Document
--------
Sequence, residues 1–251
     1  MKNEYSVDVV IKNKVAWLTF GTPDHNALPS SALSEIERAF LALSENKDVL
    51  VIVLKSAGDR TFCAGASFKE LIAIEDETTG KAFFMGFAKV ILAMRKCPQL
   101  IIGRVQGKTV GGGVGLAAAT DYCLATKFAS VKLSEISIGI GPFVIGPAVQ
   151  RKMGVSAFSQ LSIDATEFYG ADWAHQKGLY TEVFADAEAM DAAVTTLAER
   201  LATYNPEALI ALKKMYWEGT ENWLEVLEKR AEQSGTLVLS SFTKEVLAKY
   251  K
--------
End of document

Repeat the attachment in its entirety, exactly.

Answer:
Sequence, residues 1–251
     1  MKNEYSVDVV IKNKVAWLTF GTPDHNALPS SALSEIERAF LALSENKDVL
    51  VIVLKSAGDR TFCAGASFKE LIAIEDETTG KAFFMGFAKV ILAMRKCPQL
   101  IIGRVQGKTV GGGVGLAAAT DYCLATKFAS VKLSEISIGI GPFVIGPAVQ
   151  RKMGVSAFSQ LSIDATEFYG ADWAHQKGLY TEVFADAEAM DAAVTTLAER
   201  LATYNPEALI ALKKMYWEGT ENWLEVLEKR AEQSGTLVLS SFTKEVLAKY
   251  K